Risks are part of life and success. If you’re not willing to take risks, then don’t plan on making it very far. The greatest feats where accomplished by leaders who choose to take the biggest risks.
Do you have a big ass idea that scares the livin’ shit our of you? Good. That’s a start. If your idea doesn’t scare the shit out of you then it probably sucks or it’s not worth pursuing. The fear is normal.
Any entrepreneur that says he’s not afraid is a liar.
Now, if you have a passion for a big idea, it scares the shit out of you, and you’ve been impregnated with it, you should give yourself the permission to pursue it. That is, if you are ok with failure. If you’re not, then you should let someone else who’s ok with failure go after it. You, you should sit on the sideline and watch.
Pursuing big ideas is scary business. It’s terrifying. And it should be. That’s what makes it fun. Anything not terrifying is just a walk in the park. Anyone can walk in the park.
One of the keys to pursuing big ass ideas is balancing complete fear of jumping of a cliff with complete confidence that you will land safely. The fear allows you to be in touch with it, and the confidence allows you to take it on. You need both to succeed.
This was a big turning point for me as an entrepreneur. Once I found that balance – and I was able to admit my fear, it became much easier to go after big ideas over and over again.
How about you?
How are you doing with balancing fear and confidence?
Every startup, project, party, meeting, they all involve pigs and chickens – people fully committed and willing to do whatever it takes, and people who just want to be involved.
Here’s a great fable that I read this week:
A pig and a chicken are walking down the road. The chicken turns to the pig and says, “We should open a restaurant.”
“Good idea. What should we call it?” the pig replies.
“Ham and Eggs!” says the chicken.
The pig thinks for a second and replies, “In that case, never mind. It sounds like I’d be committed, but you’d only be involved!”
Here’s the deal, if you’re having a hard time distinguishing the pigs from the chickens, then you have no pigs. And, without any pigs, you’re done for.
Never get involved in anything without at least one pig. For me, I go for all pigs and until everyone is fully committed and on board, we don’t move forward.
A project needs everyone to be all in or it’s just not worth pursing.
When the going gets tough, the pigs keep on going. And, the chickens, they turn around like “chickens” and run the other way.
What are you? A pig or a chicken?
Here’s the deal. If you’re smart, you realize that “the right investors” can offer you way more value than just the green stuff they are putting into your deal. I think entrepreneurs – because they are desperate, jump way to soon and end up in bed with someone who might have money, but beyond the money, they are pretty much useless.
Instead of looking at the investor as, holly shit this guy has a ton of money, look at him like, who does this guy know? What can he teach me? Who are his contacts? How well does he know the industry I am in? Try this next time and I promise you will be thanking me later.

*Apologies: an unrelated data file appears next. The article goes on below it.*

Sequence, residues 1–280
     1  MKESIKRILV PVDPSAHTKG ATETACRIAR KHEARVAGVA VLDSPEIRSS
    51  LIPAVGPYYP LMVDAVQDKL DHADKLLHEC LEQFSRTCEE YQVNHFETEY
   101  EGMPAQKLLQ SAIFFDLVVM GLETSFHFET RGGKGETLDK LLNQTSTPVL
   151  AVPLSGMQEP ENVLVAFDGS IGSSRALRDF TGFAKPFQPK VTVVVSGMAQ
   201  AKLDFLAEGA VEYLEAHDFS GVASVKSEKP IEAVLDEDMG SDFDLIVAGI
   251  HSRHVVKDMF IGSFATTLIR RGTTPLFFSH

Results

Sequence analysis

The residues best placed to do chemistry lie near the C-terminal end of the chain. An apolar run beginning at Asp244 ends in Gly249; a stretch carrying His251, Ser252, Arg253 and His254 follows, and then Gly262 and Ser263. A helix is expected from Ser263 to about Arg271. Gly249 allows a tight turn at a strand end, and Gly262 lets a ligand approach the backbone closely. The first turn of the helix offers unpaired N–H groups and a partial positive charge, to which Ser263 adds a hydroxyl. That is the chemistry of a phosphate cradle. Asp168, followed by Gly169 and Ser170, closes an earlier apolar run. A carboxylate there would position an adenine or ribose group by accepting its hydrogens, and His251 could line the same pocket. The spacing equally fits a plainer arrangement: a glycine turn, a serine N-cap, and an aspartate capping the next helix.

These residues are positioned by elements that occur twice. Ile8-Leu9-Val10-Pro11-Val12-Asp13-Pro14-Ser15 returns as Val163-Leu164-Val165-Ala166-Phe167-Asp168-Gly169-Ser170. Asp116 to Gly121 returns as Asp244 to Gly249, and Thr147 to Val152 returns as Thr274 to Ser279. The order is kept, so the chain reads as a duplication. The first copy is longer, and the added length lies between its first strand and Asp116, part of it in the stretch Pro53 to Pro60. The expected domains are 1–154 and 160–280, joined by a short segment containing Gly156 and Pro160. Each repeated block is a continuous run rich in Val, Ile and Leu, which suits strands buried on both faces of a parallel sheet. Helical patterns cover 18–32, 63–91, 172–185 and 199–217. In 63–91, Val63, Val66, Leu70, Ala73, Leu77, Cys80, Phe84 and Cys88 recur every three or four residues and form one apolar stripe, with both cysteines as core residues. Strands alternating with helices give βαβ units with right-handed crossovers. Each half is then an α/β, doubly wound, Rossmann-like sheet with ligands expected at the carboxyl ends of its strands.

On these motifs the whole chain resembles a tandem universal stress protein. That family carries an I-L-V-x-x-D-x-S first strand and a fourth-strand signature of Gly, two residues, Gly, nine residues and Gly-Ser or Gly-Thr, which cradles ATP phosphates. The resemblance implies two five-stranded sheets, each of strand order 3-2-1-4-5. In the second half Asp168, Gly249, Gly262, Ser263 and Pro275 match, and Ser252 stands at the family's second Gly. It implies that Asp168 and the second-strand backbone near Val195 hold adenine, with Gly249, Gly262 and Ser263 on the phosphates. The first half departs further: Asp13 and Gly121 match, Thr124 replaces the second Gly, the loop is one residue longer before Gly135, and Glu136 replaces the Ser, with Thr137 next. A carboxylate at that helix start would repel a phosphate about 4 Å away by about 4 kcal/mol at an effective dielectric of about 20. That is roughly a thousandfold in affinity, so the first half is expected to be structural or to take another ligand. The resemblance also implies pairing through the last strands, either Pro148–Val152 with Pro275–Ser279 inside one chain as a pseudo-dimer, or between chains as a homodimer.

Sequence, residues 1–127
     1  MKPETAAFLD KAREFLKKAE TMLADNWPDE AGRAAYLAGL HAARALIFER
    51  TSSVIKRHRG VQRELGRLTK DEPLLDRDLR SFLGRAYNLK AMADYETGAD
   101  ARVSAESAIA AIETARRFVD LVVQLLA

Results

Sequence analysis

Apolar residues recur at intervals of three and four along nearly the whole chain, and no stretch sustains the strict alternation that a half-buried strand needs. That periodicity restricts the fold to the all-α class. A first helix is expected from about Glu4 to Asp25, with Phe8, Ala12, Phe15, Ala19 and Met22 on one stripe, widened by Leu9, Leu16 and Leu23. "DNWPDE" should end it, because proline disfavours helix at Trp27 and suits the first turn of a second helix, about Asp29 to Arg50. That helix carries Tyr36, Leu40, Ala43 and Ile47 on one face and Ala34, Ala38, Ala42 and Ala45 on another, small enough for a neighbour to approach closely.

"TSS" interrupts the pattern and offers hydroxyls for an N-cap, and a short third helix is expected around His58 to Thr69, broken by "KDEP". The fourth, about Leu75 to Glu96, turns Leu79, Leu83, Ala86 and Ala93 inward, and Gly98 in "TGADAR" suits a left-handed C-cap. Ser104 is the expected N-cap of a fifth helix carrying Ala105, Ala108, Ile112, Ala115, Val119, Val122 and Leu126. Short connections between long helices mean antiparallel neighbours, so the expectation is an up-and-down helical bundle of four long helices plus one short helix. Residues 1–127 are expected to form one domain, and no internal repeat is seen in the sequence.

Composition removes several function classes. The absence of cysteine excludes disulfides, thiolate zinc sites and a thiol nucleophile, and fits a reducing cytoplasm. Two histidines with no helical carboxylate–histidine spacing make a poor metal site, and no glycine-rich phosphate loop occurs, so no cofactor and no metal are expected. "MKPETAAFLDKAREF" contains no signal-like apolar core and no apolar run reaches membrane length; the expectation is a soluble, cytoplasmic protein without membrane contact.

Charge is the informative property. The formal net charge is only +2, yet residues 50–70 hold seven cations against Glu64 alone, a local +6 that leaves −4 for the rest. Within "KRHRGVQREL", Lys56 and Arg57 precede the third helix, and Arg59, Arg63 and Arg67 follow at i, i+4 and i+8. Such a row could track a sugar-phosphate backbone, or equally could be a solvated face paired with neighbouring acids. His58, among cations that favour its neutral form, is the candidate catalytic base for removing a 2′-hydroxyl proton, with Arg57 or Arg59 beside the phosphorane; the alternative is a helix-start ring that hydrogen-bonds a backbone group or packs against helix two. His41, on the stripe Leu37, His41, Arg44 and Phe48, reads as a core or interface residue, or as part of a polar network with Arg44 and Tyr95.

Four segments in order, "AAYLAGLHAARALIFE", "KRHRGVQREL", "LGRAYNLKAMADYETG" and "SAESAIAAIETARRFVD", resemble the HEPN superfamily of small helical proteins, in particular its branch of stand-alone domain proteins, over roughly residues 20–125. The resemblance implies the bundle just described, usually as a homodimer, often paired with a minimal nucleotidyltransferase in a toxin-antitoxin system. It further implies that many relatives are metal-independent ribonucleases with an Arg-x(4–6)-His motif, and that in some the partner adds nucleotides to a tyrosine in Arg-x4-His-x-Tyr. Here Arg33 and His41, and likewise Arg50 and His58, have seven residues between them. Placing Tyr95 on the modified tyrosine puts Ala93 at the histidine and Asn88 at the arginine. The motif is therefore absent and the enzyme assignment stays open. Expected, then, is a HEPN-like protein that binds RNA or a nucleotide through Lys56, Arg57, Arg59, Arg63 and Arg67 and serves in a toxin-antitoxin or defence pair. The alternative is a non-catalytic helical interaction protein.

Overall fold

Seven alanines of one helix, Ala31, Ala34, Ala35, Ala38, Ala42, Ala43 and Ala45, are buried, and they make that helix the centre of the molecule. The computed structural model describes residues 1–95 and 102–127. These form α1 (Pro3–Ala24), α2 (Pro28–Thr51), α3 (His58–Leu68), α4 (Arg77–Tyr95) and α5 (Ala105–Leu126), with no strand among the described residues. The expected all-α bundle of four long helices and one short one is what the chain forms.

I share this because I think all entrepreneurs F this up at some point in their entrepreneurial career. I have, you will, everyone does. Why? Because we are normal people who get excited and end up pulling the trigger to soon. Take my advice and the thousand other entrepreneurs that have pulled the trigger to soon. Be smart.
The other thing that I’ve learned, when your dealing with venture capitalists, they know their shit and they have been around the block a few times. And, when you get the right VC involved in your deal, it is the difference between achieving minimal vs. maximum success.
Here is where VC’s tend to offer the most value:
1. Their networks: They’ve spent their entire life building their network. This includes: investors, partners, talent, vendors, distributors, etc.
2. Experience, knowledge, and wisdom: They can help you understand what it is going to take to make your deal a huge success. They have been there and done that. Listen to them. If you think you no more, you need to be bitch slapped.
3. Sources to other green: When you spend your entire life building and growing companies you end up having several investor and VC relationships. Tap into this, It’s the fastest route. I promise.
Are they legit? Why so many? How much money are they putting up? What kind of deals are they looking to invest in? Do they do follow on capital? How are they going to scale with talent?
If your curious about what Lean LA is, it’s a non-profit organization that is all about helping entrepreneurs build successful companies. The organization is run by Pete Mauro, Patrick Vlaskovits, and Joe Zulli. I haven’t had the chance to officially meet Patrick or Joe, but my coffee meetup with Pete was very positive.
By the size of the crowd last night (350 people), I wasn’t the only one with questions. The event was packed with people waiting outside the Santa Monica Civic Auditorium hoping someone wouldn’t show and they could score a ticket to come in.
Another good call was the meal ticket that came with the admission price. How awesome is that? You could redeem at any one of the food trucks outside. Well done with this one!